CFP: The 200th Anniversary of the Prussian Emancipation Edict for the Jews

Citizenship, Equality and Civil Society:

The 200th Anniversary of the Prussian Emancipation Edict for the Jews – 1812

International Conference, March 4th-6th, 2013 Jerusalem and Tel Aviv


This year, we will be commemorating the 200th anniversary of the Prussian Emancipation Edict for the Jews, in which civil rights were granted to the Jews of Prussia. Beyond its immediate effect on German Jewry, the Edict generated vigorous discussions over the fundamental principles of citizenship, the concept of civil society, and the status of minorities within society and the state. In contrast to the French Revolution, the Edict didn’t utterly transform the legal status of the Jews: they were not granted full and equal civil rights, and many of the rights that were granted were revoked soon after the Vienna Congress in 1815. Nevertheless, this historical moment confronted the ideas of the Enlightenment, the Haskala, Romanticism, and the emerging national discourse with concrete social policy in relation to minorities. In this confrontation, the question of the state’s relation to Jews served as a test case for more general and comprehensive questions about civil society.


This date provides an opportunity to examine the concepts of citizenship, civil society, and the relations between majority and minority groups as they developed in Germany and Israel. The contemporary debates over legal acts aimed at minorities, as well as the events of the previous summer in Israel, highlight the relevance of these issues to our present-day civil life.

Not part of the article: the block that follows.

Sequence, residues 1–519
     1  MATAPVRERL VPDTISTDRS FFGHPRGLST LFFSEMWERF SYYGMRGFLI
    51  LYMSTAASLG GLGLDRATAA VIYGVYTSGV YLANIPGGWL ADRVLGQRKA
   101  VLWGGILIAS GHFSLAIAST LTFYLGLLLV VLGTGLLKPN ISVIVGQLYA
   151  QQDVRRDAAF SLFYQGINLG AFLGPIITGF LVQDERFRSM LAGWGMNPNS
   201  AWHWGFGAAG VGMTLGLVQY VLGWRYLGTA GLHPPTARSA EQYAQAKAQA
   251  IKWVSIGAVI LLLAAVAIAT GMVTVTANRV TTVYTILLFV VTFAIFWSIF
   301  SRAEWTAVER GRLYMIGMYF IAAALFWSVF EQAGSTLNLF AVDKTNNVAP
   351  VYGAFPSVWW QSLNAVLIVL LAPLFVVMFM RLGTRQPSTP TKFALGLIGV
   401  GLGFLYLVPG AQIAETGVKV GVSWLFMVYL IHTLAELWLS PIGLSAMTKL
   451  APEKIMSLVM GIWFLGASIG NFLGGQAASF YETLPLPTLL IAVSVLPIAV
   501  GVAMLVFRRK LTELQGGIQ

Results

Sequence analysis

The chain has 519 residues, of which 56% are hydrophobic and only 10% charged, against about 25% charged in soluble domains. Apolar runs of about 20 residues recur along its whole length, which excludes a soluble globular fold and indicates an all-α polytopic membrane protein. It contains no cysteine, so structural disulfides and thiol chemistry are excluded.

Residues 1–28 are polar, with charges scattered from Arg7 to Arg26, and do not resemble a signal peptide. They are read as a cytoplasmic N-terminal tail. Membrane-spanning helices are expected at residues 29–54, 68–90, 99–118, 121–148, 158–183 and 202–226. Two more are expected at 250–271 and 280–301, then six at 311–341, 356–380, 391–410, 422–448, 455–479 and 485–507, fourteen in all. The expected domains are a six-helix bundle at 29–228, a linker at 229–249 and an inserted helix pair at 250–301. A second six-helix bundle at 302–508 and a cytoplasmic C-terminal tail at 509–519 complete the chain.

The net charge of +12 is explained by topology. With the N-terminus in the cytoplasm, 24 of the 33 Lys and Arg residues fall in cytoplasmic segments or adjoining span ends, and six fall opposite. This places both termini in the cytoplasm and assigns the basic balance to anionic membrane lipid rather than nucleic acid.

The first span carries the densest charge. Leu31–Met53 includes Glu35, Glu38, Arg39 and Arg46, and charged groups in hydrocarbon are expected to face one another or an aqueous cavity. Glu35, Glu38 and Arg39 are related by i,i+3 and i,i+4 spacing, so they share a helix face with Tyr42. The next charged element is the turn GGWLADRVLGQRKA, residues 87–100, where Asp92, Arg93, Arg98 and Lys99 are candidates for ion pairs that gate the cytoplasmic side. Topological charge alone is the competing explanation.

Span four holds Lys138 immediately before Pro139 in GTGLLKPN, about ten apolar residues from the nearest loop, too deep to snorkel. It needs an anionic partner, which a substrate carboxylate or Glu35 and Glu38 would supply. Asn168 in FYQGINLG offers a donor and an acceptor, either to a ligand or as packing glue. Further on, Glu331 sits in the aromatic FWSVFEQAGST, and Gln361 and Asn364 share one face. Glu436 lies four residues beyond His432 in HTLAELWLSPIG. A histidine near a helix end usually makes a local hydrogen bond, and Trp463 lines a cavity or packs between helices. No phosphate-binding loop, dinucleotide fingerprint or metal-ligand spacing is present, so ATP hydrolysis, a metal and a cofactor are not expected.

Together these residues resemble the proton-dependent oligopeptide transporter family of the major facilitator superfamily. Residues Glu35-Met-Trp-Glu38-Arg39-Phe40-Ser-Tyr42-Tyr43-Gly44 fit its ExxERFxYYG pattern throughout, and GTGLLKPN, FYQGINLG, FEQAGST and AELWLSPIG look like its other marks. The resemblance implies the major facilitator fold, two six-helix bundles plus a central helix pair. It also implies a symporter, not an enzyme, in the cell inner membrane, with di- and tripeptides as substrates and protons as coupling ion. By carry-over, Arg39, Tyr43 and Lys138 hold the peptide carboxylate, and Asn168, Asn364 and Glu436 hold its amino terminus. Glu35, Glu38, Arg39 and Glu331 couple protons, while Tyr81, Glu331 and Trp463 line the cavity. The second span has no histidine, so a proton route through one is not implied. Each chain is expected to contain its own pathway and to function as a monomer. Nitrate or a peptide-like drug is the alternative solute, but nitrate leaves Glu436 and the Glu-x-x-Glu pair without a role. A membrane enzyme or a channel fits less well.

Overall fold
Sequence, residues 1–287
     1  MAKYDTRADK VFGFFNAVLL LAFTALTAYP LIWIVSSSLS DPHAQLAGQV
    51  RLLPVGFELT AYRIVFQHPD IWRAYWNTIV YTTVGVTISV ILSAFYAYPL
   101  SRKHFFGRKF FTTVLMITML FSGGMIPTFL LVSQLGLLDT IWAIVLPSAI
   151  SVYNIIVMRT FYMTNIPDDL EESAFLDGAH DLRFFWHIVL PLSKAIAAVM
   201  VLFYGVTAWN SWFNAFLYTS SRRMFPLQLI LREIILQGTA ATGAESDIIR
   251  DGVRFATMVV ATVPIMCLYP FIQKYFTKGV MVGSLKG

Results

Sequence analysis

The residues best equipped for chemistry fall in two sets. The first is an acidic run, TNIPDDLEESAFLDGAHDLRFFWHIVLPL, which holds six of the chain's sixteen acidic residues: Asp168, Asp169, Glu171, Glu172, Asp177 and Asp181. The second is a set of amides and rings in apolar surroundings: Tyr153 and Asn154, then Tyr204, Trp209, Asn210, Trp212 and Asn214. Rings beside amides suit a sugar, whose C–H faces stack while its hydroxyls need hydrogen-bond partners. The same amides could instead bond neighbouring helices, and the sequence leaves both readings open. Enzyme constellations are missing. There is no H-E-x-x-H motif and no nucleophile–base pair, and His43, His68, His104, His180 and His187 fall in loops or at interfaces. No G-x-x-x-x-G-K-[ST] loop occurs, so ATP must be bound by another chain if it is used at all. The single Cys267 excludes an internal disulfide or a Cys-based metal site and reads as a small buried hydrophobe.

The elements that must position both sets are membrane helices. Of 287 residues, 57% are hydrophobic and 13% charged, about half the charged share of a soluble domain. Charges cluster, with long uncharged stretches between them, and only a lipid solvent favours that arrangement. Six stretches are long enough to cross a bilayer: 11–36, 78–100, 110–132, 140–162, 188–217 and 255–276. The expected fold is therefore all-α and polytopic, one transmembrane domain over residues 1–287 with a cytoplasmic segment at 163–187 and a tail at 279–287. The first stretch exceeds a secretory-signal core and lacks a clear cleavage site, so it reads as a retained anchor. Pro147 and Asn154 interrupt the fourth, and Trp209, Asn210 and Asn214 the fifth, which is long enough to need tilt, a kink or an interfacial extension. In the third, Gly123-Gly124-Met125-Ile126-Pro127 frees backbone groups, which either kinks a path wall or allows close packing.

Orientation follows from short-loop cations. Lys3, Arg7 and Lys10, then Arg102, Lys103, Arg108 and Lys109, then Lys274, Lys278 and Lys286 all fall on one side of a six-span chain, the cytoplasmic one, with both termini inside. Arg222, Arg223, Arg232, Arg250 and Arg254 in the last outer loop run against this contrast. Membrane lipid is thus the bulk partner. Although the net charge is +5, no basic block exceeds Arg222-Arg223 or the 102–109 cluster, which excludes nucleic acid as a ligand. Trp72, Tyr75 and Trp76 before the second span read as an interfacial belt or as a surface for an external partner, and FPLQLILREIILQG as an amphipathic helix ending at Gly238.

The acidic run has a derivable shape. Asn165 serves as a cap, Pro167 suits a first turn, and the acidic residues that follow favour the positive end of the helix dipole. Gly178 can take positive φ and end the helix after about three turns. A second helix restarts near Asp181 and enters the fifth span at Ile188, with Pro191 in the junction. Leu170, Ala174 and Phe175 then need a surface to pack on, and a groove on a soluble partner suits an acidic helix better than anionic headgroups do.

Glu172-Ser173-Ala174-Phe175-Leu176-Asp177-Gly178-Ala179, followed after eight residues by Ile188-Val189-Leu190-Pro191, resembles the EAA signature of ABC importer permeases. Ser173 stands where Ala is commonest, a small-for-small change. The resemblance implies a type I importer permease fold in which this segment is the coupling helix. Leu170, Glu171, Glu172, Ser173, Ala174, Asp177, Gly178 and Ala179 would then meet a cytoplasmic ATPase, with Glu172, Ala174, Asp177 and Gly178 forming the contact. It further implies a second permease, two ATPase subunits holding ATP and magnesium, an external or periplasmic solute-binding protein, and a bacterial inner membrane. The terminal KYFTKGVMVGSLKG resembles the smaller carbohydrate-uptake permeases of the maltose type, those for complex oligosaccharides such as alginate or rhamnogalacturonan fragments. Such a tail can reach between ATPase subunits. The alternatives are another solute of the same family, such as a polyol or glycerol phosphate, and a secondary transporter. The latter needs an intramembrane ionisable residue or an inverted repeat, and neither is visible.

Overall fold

Organizers: The conference is organized by the Leo Baeck Institute Jerusalem, the Minerva Center for Humanities at Tel Aviv University, the Rosenzweig Minerva Research Center at Hebrew University and the Institut für die Geschichte der deutschen Juden in Hamburg. The conference will take place in both Jerusalem and Tel Aviv.


The conference program:


Opening event for the general public with keynote speakers (in Hebrew).

One day is dedicated to historical issues, focusing on the concepts of citizenship, “civil society”, and relations between majority and minorities in the context of German Jewry. This day will take place in Jerusalem (in English).

One day is dedicated to discussions of the issues raised by the historical investigation on the previous day, in the Israeli contemporary context, with an emphasis on issues of civil society and minorities’ rights in Israel. This day will take place in Tel Aviv (in Hebrew).


According to this program, we invite scholars to present papers dealing with the following issues:

•             Historical aspects of the Prussian Edict for the Jews

•             The question of Jews and citizenship in the 19th and early 20th centuries in Germany

•             Questions of citizenship and civil society in the Israeli context

•             Minorities’ rights and political representation in Israel 


Please submit your paper proposal as follows:

• Contact information: name, email, and academic affiliation of the applicant • Up to 250-words abstract with the title of the paper • A 100-word biographical statement, in narrative form (one paragraph) All files should be sent in English in WORD files only.


Proposals should be sent by September 16th, 2012 to: